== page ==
Have you read Part 1? Here it is if you missed it. If you’re liking this and would like to read She Dreamed of Dragons by Elizabeth J. M. Walker, you can pick that up from our webstore in ebook or paperback form. Then, keep reading…
The roommates headed downstairs to the common room, where they suspected the commotion to have come from. Several of their dorm mates had also been awoken by the noise and had come down to investigate, some dressed, some still in their night clothes. None of them were looking at the broken window – they were all staring at the empty place above the fireplace.
“What happened?” Trina asked. “Where’s Sir Gadison’s Golden Phoenix Feather?”
“The stupid forest pixies smashed the window and stole the feather!” Heath said. He was a phoenix mage like Corbin, but paler, and with light brown hair.
“They stole the feather?” Oriella asked, looking to Corbin for reassurance. “That’s not like forest pixies. I mean, they smash windows and throw acorns at us while we walk to school, but they don’t enter our buildings and steal things. That would require too much effort, not to mention brain power.”
Forest pixies were small, about a foot tall, and usually dressed in nothing but dirt. They were also dumber than the average pixie, which was closer in comparison to a fairy. Forest pixies were their own subclass of pixie: silly, stupid and they loved to cause mischief.
“Well then, where’s the feather? There were definitely forest pixies outside after the window broke, laughing up a storm,” said Laina, a chimera mage with long red hair. “I ran in here as soon as I heard the smash and saw them myself.”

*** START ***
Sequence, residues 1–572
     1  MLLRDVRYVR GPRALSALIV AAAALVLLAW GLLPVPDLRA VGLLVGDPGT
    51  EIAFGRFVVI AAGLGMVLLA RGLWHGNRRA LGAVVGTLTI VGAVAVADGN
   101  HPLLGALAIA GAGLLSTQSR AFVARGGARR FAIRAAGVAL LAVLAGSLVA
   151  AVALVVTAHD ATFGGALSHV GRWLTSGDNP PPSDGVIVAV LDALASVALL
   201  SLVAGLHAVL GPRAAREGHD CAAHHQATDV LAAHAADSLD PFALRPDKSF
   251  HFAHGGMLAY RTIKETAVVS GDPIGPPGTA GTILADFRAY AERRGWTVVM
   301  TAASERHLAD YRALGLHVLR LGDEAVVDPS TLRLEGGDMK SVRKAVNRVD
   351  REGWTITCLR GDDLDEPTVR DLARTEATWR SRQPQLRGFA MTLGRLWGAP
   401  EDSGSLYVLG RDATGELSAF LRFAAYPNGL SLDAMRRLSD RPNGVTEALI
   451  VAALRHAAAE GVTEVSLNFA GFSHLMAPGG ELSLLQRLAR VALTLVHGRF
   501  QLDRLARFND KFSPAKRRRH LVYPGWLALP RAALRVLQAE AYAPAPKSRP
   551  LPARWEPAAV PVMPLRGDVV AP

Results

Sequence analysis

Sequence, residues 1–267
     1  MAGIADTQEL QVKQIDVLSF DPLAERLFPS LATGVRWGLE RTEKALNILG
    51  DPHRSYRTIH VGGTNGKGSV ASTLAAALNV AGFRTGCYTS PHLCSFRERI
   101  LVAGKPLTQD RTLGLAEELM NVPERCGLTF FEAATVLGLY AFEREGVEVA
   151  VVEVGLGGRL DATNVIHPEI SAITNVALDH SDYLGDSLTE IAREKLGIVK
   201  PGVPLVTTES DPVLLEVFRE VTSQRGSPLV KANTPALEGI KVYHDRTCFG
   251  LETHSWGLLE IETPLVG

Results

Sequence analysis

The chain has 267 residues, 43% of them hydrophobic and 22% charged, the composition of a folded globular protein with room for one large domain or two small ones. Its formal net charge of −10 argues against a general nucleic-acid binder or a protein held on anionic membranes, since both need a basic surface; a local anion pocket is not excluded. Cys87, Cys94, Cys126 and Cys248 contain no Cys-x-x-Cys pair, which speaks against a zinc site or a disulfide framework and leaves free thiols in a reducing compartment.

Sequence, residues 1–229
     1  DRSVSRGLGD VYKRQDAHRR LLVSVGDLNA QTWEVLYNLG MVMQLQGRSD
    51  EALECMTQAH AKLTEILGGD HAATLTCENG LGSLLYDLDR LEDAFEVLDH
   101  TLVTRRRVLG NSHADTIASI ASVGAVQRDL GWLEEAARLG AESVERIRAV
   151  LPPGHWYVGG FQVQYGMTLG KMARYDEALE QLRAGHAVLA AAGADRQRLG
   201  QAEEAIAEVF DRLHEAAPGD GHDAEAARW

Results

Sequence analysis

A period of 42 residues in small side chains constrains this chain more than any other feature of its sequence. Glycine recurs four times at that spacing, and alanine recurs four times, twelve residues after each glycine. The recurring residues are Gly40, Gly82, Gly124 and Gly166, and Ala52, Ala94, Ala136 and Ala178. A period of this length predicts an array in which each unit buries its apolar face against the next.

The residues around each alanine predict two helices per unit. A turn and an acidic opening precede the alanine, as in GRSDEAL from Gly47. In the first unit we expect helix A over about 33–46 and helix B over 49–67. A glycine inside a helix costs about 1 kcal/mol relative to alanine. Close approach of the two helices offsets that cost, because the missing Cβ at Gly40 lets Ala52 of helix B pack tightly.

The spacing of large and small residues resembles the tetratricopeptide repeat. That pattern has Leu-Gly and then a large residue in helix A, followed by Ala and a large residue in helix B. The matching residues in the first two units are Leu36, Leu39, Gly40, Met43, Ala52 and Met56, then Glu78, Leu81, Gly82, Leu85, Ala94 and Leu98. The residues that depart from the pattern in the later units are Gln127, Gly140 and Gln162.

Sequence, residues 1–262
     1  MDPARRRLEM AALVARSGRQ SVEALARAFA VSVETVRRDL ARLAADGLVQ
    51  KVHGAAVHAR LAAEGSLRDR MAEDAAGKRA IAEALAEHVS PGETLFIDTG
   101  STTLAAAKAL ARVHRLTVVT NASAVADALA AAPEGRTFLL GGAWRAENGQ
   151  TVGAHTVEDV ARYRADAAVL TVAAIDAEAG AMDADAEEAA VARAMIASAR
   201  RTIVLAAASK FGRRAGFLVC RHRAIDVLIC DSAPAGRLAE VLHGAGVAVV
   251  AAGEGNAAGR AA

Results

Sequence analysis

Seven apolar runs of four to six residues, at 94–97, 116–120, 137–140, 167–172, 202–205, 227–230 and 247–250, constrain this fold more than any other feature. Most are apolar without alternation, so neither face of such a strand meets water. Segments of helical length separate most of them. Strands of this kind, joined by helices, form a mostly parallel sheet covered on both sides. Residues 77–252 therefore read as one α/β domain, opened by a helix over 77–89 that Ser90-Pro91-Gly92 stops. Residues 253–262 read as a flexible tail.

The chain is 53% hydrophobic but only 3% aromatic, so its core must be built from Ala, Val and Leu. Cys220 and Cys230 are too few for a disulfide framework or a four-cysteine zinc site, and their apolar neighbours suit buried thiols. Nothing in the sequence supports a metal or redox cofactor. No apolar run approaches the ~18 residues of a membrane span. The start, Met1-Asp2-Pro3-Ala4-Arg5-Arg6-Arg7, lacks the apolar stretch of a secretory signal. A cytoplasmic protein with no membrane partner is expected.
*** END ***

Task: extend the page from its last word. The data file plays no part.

“Did you see anyone else with them?” Trina asked.
“No,” Laina said. “Just the forest pixies, at least five of them. They were dancing and cheering and then ran off into the woods again.”
“That feather is the Knox House Heirloom,” Corbin said grimly. “Our founding father Sir Gadison placed that phoenix feather above our hearth after dipping it in gold. It belonged to his phoenix companion, Palyrius. It was supposed to be our duty to protect the feather, to make sure it remained in the house for future generations. It symbolized the unity between mages and the mystical creatures who created us.”
“No one has even seen a phoenix in at least a decade,” Heath said, gazing at the empty space above the fireplace.
Trina was looking up at the same spot. It didn’t really matter that she wasn’t a phoenix mage, the feather was still her house’s heirloom. It not being there felt like part of the house was missing, like the very heart of the house had been stolen.
“We need to get that feather back,” Corbin said, and climbed up on the coffee table so he’d be standing above the rest. “It’s the weekend, so none of us have class. If we begin our search immediately we should be able to track the feather thief down and return our heirloom. Whoever returns the feather…gets…gets…”
“The suite!” a tall boy named Loukas called out.
“The suite?” Corbin said. The suite was his own dorm room, the biggest and nicest room in the whole house. The suite was the entire fourth floor of Knox House and every single window was still intact because the little forest pixies couldn’t throw their rocks that high.
“Yeah, make the hunt worth it!” Oriella said.
Trina looked sidelong at her friend and Oriella shrugged. “It’s not like we had other plans,” Oriella said.
“You should want to find the feather because of house honour, because it belongs here with us,” Corbin said. “The suite is for the house don, it’s not-”
But he was cut off by all the mages in the room all chanting the same thing: “The suite! The suite! The suite! The suite!”
“Great gryphons! Fine!” Corbin shouted, silencing them all. “Whoever finds the golden feather first can have the Knox House suite.”